Progressives take campaign to heart of blue-ribbon territory

By Claire Trevett

The campaign launch of Jim Anderton's Progressives is not in a drafty hall in a sold working class community. Instead, it is at posh Lava restaurant in the National Party territory of St Heliers.

Like the Progressives' caucus - Jim Anderton and Matt Robson - it is cozy and intimate. Unlike the Progressives' caucus, it is also crowded.

Over 100 people have arrived and some end up standing outside the doors listening to the motorbikes go by, setting off car alarms.

"Keep 'em honest" was the traditional catch cry of any party led by Jim Anderton. This time round, there was no bragging about the Progressives holding the Government to its promises. Instead there is a promise to be quiet as a mouse.

"We are the only party pledging to be quiet, co-operative and industrious in Government.

"That sounds pretty boring, but if you look back at the six years, it's that quietness that has been part and parcel of what we have done.

"It is not done by shouting, screaming and drawing attention to yourself."

He identified the party's priorities as cutting company taxes to 30 per cent, reducing student debt, helping first home buyers, raising the drinking age to 20, giving $200 to those on fixed incomes to help with winter power bills and free prescriptions for under 18s and over 65s.

He outlined his party's achievements multiple times and in case anyone missed it, there were also small cards, headed Jim Gets Things Done.

It included the forming of KiwiBank, four weeks' annual leave, and 14 weeks paid parental leave.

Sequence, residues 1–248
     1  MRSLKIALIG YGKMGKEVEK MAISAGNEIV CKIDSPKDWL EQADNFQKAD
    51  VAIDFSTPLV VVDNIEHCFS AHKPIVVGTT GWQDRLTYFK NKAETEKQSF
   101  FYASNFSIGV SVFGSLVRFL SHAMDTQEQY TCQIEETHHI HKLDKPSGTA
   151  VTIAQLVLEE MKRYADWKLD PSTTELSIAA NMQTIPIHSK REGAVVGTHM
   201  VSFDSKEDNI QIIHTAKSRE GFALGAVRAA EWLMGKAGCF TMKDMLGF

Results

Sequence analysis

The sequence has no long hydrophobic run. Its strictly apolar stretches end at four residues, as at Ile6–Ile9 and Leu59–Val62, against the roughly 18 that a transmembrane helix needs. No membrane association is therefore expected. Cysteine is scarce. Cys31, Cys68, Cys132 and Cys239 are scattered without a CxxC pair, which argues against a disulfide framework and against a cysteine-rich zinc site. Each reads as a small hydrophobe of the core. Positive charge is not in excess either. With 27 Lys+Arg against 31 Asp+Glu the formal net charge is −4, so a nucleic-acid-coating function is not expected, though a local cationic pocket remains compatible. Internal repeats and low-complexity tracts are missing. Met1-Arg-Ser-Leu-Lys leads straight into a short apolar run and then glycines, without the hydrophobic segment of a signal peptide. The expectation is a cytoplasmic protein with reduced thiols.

There was growth in the regions "which are now like Ponsonby Rd with cafe societies" and record low unemployment, as well as more apprenticeships.

He admitted his own policy of lower company taxes was seemingly at odds with traditional Anderton policy, but said it was not "anti-socialism or a capitalistic plot", but rather "creating momentum for the economy in New Zealand" because the money would go into research and development.

To illustrate the benefits of this, he uses an example of a man who found a new way to extract the DNA from 1300 leaves a day "using an old computer someone else had thrown out".

Under education policy, he said he wanted to reduce student debt and be the next Minister of Education.

"I have had no guarantees from Helen, and I haven't asked for any. But we will put it on the table."

The campaign launch has been plugged as "short and snappy".

Anderton's speech - down to take 20 to 30 minutes - takes an hour and there is a palpable sense of fear when he says, towards the end, "I could repeat those stories to you over and over again, all over the country".

At Lava, a diverse group is listening. Matt Robson estimates 30,000 votes are needed to get him back into Parliament with Mr Anderton.

That is 500 votes in each electorate so the audience is diverse, and includes Omar Ali and Amer Salman, two Iraqi men accused by Winston Peters of being "henchmen" of Saddam Hussein.

The president of the New Zealand Sikh Society is there to ramp up support in the Sikh community.

The formalities end a wind-up from Matt Robson: "Join us for a meal.

"It isn't our last supper. It's the beginning of the campaign."

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